Although Scripture does not focus on it, an easy trap that Mary – or someone like Mary – could fall into is only keeping faith between you and the Lord, but not working towards sharing it with others.
There is a beautiful vertical relationship that we are given when we become believers. However, if we spend all of our time focused on our own personal growth and never invest in the lives of others or share the gospel, we can be missing another great part of being a disciple of Christ. It was wonderful that Jesus taught Mary, but what if Mary never taught others? It was great that Jesus gave Mary encouragement, but what if she never encouraged others? A person who is still before the Lord can enjoy that so abundantly and it will not be taken away (Luke 10:42). However, faith is not meant to remain in the quiet places, but to shine like a city on a hill.
Matthew 5:14-16 says, “You are the light of the world. A city on a hill cannot be hidden. Neither do people light a lamp and put it under a basket. Instead, they set it on a stand, and it gives light to everyone in the house. In the same way, let your light shine before men, that they may see your good deeds and glorify your Father in heaven.”
If you are Mary, you might have your priorities in check, you likely have Jesus first. However, the challenge becomes making sure that you are sharing Him with others. When you have the light of Christ, do not hide that light, but let your light shine so others can see God and give Him glory.
Whether you are a Mary or a Martha, both women have incredible qualities and are equally loved by Jesus (John 11:5). Each woman learned different lessons from the Savior and welcomed Him in. Martha got the tasks completed and Mary was relational. If you tend to be the Martha, remember to keep your identity rooted in Jesus first and not to forget about the people in front of you. If you tend to be a Mary, continue to soak up all of the sweet personal times with Jesus, just remember to share of His love with others and do not hide that gift that you have been given.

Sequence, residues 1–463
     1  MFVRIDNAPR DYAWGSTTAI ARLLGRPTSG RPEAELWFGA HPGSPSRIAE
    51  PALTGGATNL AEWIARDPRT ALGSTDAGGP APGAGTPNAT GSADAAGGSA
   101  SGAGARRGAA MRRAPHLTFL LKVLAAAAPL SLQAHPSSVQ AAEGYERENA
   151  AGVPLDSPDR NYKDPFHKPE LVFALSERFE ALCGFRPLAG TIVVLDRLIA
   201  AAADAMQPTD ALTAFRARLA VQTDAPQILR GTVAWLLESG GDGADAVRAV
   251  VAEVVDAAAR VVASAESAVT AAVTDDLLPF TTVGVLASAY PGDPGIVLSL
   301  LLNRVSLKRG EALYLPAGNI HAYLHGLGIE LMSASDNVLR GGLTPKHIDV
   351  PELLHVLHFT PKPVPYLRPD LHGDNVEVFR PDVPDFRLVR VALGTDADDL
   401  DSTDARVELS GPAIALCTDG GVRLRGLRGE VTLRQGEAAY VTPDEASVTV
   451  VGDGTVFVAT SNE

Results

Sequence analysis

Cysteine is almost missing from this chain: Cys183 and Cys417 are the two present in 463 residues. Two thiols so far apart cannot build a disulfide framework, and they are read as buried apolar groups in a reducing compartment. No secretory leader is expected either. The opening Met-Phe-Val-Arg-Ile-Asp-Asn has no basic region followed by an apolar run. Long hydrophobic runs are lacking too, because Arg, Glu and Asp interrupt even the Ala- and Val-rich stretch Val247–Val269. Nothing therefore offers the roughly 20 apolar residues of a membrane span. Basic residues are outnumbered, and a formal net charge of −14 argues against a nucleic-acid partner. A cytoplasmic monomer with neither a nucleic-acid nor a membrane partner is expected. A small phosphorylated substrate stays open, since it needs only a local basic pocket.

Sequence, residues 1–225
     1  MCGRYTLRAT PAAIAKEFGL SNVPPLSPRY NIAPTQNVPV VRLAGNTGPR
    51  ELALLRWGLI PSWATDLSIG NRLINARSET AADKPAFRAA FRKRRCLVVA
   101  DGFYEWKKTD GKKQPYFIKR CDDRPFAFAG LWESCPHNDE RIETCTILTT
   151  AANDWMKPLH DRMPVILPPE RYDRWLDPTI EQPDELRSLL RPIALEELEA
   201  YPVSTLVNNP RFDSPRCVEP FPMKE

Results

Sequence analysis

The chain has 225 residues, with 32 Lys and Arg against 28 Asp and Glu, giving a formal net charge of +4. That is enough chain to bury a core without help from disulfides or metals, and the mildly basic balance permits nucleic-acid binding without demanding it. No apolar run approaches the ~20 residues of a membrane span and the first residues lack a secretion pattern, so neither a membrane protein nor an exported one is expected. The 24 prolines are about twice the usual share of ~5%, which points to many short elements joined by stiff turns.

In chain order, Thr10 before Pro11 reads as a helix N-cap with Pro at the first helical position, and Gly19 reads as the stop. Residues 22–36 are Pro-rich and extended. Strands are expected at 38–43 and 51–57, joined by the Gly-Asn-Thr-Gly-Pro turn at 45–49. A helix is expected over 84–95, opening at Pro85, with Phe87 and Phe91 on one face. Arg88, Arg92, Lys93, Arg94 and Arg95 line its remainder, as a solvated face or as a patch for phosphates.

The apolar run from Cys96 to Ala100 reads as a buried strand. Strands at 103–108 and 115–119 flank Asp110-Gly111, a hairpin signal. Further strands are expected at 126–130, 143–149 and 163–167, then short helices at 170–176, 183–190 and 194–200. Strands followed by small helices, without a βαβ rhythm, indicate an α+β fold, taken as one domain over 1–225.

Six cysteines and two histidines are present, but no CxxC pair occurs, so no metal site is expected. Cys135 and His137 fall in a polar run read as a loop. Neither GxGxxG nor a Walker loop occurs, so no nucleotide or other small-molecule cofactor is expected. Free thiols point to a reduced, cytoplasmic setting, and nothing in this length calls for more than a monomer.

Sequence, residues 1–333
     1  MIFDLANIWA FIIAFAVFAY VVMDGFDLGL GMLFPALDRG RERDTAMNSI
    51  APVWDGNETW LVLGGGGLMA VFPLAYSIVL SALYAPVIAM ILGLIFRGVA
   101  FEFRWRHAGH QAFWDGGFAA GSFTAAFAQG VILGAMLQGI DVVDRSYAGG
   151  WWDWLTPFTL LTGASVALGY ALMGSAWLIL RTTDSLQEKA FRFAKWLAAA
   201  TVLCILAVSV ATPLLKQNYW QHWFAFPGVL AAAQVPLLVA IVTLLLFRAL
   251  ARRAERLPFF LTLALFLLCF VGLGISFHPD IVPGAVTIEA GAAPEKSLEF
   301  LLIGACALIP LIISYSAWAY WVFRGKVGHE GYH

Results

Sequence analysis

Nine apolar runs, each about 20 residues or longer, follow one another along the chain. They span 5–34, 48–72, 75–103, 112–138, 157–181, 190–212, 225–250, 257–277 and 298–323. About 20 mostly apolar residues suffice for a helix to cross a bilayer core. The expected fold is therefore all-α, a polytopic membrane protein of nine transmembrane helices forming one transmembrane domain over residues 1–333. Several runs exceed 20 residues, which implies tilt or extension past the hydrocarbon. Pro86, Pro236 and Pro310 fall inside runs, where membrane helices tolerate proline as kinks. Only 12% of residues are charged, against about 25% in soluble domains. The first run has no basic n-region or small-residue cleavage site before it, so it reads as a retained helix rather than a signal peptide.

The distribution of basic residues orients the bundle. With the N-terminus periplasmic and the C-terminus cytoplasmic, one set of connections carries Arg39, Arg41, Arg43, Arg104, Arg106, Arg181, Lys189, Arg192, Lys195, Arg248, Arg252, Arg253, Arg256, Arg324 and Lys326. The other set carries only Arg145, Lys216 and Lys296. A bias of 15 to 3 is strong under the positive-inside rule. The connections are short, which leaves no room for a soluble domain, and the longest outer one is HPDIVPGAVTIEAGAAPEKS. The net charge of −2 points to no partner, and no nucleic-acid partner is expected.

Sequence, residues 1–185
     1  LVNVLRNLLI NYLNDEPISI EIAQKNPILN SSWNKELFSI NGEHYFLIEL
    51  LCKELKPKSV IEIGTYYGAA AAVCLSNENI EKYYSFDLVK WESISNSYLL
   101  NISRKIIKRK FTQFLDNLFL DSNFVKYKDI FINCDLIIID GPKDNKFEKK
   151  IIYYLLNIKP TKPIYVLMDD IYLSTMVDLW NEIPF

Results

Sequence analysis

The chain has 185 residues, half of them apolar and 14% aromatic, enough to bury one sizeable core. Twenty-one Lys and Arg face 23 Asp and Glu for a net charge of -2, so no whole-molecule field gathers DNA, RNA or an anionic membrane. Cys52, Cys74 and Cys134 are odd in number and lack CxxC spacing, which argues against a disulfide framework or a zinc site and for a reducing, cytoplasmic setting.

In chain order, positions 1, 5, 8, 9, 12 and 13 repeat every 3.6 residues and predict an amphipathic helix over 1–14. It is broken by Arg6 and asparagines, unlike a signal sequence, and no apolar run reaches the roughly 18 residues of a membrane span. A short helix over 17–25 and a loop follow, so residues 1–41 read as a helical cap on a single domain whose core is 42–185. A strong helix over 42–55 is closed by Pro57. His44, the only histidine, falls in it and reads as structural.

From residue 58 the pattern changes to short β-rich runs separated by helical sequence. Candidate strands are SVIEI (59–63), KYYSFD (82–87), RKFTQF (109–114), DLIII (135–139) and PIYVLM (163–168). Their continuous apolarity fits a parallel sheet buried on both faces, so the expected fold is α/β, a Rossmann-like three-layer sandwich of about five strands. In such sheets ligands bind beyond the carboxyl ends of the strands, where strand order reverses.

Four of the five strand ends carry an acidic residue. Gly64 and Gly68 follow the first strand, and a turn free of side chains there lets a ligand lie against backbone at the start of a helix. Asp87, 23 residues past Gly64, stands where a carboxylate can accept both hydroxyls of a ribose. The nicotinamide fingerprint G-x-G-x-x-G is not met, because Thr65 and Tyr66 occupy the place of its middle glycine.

Photo credit: Unsplash
Emma Danzey’s mission in life is to inspire young women to embrace the extraordinary. One of her greatest joys is to journey with the Lord in His Scriptures. Emma is a North Carolina resident and green tea enthusiast! She is married to her husband Drew and they serve international college students. She enjoys singing, dancing, trying new recipes, and watching home makeover shows. During her ministry career, Emma recorded two worship EP albums, founded and led Polished Conference Ministries, ran the Refined Magazine, and served in music education for early childhood. Currently, she is in the editing stages of her first two writing projects: a Bible study on womanhood and a non-fiction book on singleness. You can visit her blog at emmadanzey.wordpress.com